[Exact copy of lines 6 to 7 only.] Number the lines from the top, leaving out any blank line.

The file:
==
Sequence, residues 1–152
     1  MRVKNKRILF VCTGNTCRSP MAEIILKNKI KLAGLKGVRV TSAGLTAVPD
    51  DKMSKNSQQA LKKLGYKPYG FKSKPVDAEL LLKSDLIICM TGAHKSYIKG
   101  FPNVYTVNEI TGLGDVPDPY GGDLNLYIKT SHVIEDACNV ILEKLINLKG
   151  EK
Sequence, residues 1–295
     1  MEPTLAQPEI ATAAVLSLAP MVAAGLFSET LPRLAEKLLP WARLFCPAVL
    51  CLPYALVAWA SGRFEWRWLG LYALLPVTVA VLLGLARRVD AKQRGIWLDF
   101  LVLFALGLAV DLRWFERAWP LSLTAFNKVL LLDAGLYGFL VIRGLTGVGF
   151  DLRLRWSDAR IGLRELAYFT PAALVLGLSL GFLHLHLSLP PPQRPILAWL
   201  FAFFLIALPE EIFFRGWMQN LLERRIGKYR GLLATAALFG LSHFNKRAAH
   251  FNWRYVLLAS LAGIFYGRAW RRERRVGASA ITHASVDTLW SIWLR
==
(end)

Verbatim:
Sequence, residues 1–295
     1  MEPTLAQPEI ATAAVLSLAP MVAAGLFSET LPRLAEKLLP WARLFCPAVL